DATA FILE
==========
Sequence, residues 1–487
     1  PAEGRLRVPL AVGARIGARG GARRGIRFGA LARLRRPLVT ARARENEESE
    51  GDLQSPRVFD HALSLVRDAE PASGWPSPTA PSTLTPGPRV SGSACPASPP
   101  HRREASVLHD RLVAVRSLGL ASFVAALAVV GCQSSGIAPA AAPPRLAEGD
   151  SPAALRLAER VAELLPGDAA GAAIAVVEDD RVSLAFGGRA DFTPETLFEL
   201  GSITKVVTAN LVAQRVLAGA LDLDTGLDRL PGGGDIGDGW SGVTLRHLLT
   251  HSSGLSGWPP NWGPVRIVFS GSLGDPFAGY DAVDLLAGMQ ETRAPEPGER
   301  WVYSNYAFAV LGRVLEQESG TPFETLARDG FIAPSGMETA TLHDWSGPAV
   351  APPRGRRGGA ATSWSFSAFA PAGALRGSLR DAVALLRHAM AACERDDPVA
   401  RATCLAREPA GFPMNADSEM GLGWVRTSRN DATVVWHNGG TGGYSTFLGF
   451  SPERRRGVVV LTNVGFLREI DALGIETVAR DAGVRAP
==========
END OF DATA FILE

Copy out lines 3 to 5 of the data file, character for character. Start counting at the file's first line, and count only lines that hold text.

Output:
    51  GDLQSPRVFD HALSLVRDAE PASGWPSPTA PSTLTPGPRV SGSACPASPP
   101  HRREASVLHD RLVAVRSLGL ASFVAALAVV GCQSSGIAPA AAPPRLAEGD
   151  SPAALRLAER VAELLPGDAA GAAIAVVEDD RVSLAFGGRA DFTPETLFEL